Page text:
Dirty Pretty Things
In London, Okwe, an illegal Nigerian immigrant (Chiwetel Ejiofor) works two jobs: days he is an unlicensed cab driver, nights he is the desk clerk at the upscale Baltic Hotel. He rents couch space in the apartment of a maid from the hotel, Senay (Audrey Tautou), also an illegal immigrant, from Turkey. And he subsists without sleep on coca leaves he buys from a friendly store owner. But Okwe is in fact a physician, on the run from a brutal Nigerian regime, and in danger of his life if he should return home; and Senay is trying to live her fantasy of somehow reaching New York.
Director Stephen Frears, whom Americans first met with his "My Beautiful Laundrette," also about immigrants in London, has since solidified his reputation, working on both sides of the Atlantic, with "Dangerous Liaisons," "The Grifters" and most recently "High Fidelity." Here he gives us the unending tension of lives spent in the shadow of blackmail, exposure and deportation.
One night a hooker, Juliette (Sophie Okonedo), tells Okwe, manning the hotel front desk, that there's an overflowing toilet in Room 510. When he investigates he finds that the blockage is a human heart. Juan, his boss (Sergi Lopez), known as Sneaky, tells him not to worry; but Okwe is drawn in to a bloody racket that uses the hotel rooms for its work - a work I will not reveal here. And Senay, hit on once too often by Sneaky, leaves to do factory work, but finds herself a victim there also. In a sense Sneaky is the glue that holds the plot together, as it is he who provides Okwe and Senay with both a kind of imprisonment and the opportunity to escape
But "Dirty Pretty Things" is not a thriller, nor a horror film, though there is both thrill and horror in it. Frears is much too thoughtful a filmmaker to settle for anything less than a study of two fascinating people who are both compelling on screen. Ejiofor, a London stage actor, gives a beautifully understated performance as Okwe, who whether frightened by his varied nemeses or in actual danger somehow retains his dignity and articulate intelligence. Tautou, with that little-girl overbite and a shaky Turkish accent that keeps threatening to devolve back into French, nevertheless is also a believable figure here. Lopez, witty, smart, calm always, is a wonderful villain who may not actually be as evil as he seems.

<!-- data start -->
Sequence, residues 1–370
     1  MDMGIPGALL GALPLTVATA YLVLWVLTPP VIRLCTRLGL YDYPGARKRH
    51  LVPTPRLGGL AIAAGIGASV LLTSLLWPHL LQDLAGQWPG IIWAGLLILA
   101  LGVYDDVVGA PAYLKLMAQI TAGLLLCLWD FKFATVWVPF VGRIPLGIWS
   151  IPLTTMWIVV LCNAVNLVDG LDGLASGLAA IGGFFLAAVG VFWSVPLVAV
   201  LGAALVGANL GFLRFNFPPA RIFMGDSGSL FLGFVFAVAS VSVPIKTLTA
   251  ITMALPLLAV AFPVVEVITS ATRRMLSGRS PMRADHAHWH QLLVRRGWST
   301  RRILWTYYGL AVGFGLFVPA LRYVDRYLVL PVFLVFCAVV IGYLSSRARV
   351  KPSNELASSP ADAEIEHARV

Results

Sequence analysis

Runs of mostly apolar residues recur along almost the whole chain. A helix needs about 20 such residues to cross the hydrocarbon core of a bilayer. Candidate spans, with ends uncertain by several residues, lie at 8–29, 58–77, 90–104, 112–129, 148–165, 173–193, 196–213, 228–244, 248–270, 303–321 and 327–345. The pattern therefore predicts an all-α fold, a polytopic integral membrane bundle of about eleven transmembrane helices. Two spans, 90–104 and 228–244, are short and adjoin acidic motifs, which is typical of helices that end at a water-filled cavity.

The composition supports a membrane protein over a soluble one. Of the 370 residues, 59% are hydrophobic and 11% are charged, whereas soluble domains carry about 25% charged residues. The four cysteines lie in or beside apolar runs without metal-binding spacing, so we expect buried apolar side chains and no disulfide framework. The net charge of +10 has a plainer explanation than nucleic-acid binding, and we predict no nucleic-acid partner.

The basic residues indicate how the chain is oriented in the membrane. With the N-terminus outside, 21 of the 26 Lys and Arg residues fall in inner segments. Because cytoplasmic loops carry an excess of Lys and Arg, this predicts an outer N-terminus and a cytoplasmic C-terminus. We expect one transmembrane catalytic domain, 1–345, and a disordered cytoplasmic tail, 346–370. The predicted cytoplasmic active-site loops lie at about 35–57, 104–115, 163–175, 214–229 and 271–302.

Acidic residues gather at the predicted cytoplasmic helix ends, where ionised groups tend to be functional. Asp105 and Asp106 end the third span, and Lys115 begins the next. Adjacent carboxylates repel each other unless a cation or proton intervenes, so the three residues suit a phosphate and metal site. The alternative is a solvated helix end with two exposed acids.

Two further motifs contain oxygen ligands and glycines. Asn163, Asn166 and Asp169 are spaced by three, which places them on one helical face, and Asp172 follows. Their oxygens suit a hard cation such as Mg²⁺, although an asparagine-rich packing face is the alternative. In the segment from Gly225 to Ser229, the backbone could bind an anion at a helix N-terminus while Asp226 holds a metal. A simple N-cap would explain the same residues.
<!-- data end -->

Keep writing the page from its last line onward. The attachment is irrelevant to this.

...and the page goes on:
The film was shot by Chris Menges, one of the supreme cinematographers of our era, with "The Killing Fields," "The Mission," and "The Pledge" to his credit. His framing and his interior lighting are worth studying by anyone interested in film as an art form. Oddly, the script is by Steve Knight, whose claim to fame is that he created "Who Wants to Be a Millionaire." This film should help restore his reputation for serious work.
I have one reservation about "Dirty Pretty Things." The resolution of the plot, while fitting logically, is also a melodramatic contrivance that is not worthy of a film whose strength lies in its portraits of two beautiful and moving people. With that said, the film is surely one of the finest films of the year.